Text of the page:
S.W.2d at 258. The court noted that, although it is impossible to articulate a precise rule
regarding these kinds of argument, it is fair to say that a prosecutor runs a risk of improperly
striking at a defendant over the shoulder of counsel when the argument is made in terms of
defense counsel personally and when the argument explicitly impugns defense counsel’s
character. Id. at 259. The court concluded the argument referred to counsel personally and,
although not saying so explicitly, it suggested that counsel wanted to divert the jury from the
truth. Id. Under those circumstances, the court “assume[d] the argument was inappropriate.” Id.
However, the court concluded the prosecutor’s comments were “mildly inappropriate” because
they did not directly accuse the defense attorneys of lying, and the comments did not suggest that
any evidence was manufactured. Id.
In context, the prosecutor’s comment in this case appears to be part of an argument that,
despite defense counsel’s attempt to paint “the best picture” of appellant, the picture was still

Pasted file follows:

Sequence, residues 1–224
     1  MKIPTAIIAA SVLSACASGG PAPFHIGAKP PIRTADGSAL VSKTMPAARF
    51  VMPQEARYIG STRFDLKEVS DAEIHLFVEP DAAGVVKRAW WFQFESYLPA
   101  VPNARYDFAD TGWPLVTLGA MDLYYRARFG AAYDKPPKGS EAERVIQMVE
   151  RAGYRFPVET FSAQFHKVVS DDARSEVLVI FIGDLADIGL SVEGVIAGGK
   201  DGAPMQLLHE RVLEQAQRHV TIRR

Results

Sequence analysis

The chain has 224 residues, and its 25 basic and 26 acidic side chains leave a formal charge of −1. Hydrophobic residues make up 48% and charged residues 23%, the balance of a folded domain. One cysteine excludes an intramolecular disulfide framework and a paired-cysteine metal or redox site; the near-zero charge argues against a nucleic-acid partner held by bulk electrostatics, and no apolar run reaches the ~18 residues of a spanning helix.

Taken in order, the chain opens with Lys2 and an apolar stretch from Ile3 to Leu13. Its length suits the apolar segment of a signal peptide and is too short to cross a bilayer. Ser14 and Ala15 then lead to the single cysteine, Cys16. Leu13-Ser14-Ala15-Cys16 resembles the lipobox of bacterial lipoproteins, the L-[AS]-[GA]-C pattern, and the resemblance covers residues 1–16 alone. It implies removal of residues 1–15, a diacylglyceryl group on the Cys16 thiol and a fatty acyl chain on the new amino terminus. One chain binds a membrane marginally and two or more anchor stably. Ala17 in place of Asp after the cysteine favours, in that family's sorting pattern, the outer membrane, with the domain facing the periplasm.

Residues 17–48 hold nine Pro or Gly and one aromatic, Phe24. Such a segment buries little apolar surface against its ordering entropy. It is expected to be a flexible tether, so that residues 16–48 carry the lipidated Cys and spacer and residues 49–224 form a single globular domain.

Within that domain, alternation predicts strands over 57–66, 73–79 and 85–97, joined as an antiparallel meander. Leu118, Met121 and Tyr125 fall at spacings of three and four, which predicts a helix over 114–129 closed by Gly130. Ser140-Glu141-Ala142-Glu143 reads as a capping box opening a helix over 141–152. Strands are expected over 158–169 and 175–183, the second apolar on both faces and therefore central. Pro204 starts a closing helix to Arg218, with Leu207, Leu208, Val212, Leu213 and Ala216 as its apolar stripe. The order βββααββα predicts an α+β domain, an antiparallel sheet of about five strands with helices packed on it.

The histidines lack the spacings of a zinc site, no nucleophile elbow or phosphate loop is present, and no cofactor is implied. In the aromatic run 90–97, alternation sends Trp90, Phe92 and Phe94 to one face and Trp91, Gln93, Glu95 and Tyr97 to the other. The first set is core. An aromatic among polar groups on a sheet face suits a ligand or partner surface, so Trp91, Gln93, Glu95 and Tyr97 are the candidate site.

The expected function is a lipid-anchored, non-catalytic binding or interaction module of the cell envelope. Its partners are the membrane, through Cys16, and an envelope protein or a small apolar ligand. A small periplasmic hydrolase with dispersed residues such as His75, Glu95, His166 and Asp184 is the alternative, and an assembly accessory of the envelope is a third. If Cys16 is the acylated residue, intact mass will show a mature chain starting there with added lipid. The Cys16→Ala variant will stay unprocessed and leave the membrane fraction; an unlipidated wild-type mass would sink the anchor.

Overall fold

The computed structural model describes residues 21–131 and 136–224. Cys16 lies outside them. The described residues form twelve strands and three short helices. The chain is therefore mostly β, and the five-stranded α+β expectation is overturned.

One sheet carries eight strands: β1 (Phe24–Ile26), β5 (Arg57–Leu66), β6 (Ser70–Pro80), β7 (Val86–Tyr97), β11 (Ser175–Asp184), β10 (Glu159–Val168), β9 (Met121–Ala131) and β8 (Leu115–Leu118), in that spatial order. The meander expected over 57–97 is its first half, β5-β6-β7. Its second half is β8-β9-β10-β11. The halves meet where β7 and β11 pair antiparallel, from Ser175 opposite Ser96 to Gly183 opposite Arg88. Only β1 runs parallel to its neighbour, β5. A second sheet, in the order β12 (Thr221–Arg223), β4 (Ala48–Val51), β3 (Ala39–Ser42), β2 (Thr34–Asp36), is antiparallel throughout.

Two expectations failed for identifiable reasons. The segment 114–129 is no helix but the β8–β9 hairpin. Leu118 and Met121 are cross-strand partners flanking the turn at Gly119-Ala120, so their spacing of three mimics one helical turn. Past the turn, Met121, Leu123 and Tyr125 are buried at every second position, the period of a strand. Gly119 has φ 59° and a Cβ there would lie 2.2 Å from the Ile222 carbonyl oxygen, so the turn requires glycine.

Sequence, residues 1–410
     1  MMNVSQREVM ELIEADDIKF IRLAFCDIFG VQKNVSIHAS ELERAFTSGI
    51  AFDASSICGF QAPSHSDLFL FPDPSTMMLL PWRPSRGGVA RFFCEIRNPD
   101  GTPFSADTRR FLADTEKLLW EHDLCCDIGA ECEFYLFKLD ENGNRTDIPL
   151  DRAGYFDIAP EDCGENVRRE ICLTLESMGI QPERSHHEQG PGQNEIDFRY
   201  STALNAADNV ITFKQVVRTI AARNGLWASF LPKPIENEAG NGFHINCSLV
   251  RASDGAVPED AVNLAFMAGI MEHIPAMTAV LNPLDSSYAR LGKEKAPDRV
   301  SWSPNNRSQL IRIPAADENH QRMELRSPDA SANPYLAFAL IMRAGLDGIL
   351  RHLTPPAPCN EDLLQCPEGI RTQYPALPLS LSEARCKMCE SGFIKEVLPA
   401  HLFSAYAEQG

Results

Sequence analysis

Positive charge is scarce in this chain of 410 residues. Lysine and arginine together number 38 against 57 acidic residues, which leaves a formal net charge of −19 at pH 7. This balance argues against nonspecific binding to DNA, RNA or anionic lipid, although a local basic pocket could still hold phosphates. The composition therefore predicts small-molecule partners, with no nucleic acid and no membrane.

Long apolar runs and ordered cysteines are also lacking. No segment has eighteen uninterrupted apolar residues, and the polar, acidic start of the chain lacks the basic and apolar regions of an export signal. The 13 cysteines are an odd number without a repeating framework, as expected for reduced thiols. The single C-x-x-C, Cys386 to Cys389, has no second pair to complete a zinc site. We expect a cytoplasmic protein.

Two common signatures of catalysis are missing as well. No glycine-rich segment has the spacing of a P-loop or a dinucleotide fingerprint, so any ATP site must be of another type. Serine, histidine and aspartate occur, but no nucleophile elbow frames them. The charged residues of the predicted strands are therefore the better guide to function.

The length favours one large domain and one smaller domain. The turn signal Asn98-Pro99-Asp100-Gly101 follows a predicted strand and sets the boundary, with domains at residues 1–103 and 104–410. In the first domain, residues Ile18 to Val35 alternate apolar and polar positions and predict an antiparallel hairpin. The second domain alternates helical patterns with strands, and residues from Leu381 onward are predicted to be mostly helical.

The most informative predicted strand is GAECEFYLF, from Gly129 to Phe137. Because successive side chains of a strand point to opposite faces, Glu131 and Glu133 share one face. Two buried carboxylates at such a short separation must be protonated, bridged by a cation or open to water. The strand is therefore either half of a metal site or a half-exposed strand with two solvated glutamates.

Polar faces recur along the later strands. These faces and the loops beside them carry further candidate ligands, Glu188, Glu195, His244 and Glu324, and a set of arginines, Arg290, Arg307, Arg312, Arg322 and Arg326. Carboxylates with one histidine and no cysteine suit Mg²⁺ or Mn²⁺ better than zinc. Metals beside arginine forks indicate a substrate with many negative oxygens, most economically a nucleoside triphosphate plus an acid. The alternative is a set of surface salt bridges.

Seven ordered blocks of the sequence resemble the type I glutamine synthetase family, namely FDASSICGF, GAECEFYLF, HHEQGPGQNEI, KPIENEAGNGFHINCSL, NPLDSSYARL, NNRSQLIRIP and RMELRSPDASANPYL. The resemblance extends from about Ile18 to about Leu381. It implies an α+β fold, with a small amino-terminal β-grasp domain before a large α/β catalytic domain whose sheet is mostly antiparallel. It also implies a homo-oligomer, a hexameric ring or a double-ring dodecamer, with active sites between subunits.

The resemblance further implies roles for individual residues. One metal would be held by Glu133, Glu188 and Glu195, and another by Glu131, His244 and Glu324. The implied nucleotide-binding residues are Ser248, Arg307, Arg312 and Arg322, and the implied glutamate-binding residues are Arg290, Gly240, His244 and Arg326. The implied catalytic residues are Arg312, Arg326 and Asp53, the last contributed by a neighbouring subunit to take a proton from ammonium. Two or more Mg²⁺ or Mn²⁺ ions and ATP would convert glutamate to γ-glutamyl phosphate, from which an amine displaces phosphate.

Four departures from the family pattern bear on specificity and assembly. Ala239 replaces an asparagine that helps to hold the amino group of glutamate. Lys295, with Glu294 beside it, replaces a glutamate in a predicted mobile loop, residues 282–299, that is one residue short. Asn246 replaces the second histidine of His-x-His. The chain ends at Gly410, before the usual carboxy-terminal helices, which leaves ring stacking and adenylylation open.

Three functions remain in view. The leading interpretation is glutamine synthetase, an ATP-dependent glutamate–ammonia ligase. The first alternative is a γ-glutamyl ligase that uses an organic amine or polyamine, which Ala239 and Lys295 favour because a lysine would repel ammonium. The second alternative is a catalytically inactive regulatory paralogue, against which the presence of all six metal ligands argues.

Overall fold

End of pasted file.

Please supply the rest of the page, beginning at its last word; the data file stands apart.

“not even a good picture.” The State concedes that the prosecutor’s argument, “Don’t believe
what the defense attorney is saying. He is paid,” was improper. Nevertheless, the prosecutor’s
argument did not directly accuse the defense attorney of lying, and the argument did not suggest
that any evidence was manufactured. See id.
As for curative measures, the trial court sustained appellant’s objection and instructed the
jury to disregard the prosecutor’s argument. In most instances, an instruction to disregard
impermissible remarks by a prosecutor will cure the error. Westbrook v. State, 29 S.W.3d 103,
115 (Tex. Crim. App. 2000). We presume the jury complied with an instruction to disregard
from the trial court. Id. at 116. Impermissible jury argument will not constitute reversible error
unless, in light of the record as a whole, the argument is extreme or manifestly improper,